A Nuance Look At Social Media and Self-Perception

A Nuance Look At Social Media and Self-Perception

A girl using social media

It is common to start one’s day with a mindless scroll down of social media. In the process, you are sure to find memes, quotes, adventures that your friends and family have been on, and more often than not some beautiful people posting about how wonderful their life is going at the moment. Then you get up and start your day. You get ready, set out to do your job, or whatever. It is that occupies your time, and often goes back to your social media to fill in the lulls of your day.

The lulls of your day are then occupied by more good-looking people posing aesthetically or drinking gorgeous drinks in beautiful resorts wearing designer clothes that you have often clicked upon but your wallet would probably not allow you to have. You put your phone down and go back to living your mundane life not thinking much about it as you will continue this routine tomorrow.

Research shows that spending a lot of time on social media increases your likelihood of feeling bad about yourself and your body. The constant comparison of yourself to this shiny, heavily edited mirage of a person that you see online might leave you feeling bad about the way you look or the way your life at the moment might not compare to the people you are exposing yourself to on social media. But this is not a revelation; negative effects due to the filters and edited glamour you find when browsing the Internet have been the talk of the town for quite a while now.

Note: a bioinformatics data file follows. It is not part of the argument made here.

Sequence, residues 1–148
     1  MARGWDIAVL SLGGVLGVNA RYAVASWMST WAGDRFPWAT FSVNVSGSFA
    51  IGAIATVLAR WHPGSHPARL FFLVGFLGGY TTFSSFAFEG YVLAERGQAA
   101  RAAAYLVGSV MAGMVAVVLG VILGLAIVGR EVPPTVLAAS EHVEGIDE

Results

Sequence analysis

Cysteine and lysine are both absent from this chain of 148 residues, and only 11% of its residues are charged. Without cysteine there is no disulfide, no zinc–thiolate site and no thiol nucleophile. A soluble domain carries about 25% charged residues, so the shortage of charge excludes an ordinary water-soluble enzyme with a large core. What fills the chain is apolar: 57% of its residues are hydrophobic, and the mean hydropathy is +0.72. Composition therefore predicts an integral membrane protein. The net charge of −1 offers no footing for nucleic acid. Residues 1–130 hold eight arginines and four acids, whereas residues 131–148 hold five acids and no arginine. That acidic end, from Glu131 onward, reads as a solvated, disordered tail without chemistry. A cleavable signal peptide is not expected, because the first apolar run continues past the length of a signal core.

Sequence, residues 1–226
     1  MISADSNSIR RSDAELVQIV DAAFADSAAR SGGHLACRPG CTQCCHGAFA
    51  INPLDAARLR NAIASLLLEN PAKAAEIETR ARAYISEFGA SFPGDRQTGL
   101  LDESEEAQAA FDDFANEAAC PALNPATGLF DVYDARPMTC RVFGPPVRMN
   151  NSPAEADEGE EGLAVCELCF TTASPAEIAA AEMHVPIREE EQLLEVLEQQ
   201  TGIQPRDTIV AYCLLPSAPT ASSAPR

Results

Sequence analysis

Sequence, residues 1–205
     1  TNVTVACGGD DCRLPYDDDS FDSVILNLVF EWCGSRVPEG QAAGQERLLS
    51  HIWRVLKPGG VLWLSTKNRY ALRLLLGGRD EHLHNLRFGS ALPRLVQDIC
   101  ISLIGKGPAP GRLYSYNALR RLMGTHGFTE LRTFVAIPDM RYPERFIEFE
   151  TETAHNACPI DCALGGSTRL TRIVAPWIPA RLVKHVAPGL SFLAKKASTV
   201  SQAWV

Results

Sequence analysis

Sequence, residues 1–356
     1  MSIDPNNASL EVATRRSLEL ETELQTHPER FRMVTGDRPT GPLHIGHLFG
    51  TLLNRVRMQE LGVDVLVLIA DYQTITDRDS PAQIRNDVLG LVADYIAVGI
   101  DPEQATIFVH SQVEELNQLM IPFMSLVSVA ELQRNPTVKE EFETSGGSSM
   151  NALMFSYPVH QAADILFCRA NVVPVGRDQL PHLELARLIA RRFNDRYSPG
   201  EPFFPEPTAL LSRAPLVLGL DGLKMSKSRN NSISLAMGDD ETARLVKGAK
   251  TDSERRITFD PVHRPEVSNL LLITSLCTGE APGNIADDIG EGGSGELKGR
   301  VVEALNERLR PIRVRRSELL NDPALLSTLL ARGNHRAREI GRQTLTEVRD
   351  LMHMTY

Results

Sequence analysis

What I wish to illustrate, however, is how one can mindfully use this tool so as to not succumb to the insecurities that social media might bring forth.

Social media
1) The First and Foremost Is The Act Of Mindful Scrolling

I know that might come across as a bit preachy, but in fact, just understanding the people you see on social media are showing a carefully crafted, very minute piece of their existence and, just like any other human out there have real problems like body issues, relationship struggles, and financial constraints. They are simply choosing to put the shiniest part of their life for all to witness.

Having this awareness the next time you see someone gorgeous posing by the ocean and realizing that they are real people with a life outside this one post can make quite a difference.

2) It is okay to be a little petty

It is perfectly okay to unfollow the people who, when you scroll through their posts, might make you feel a specific way. It is admirable to know your limits and distance yourself from things that negatively affect your mental health. So the next time you see a post that makes you feel like you are not doing enough or that you do not look good enough or are not enough. Just unfollow.

3) Find your tribe

The world of social media is vast and infinite. Find people that truly inspire you, make you feel good about yourself, and make you belong. There is truly a community out there for everyone in the virtual world of the Internet; all you have to do is find what is yours and then grow, inspire, and belong together.

4) Remember To Take A Break From This Virtual World Of Glamour And Go Enjoy A Drink With A Friend Instead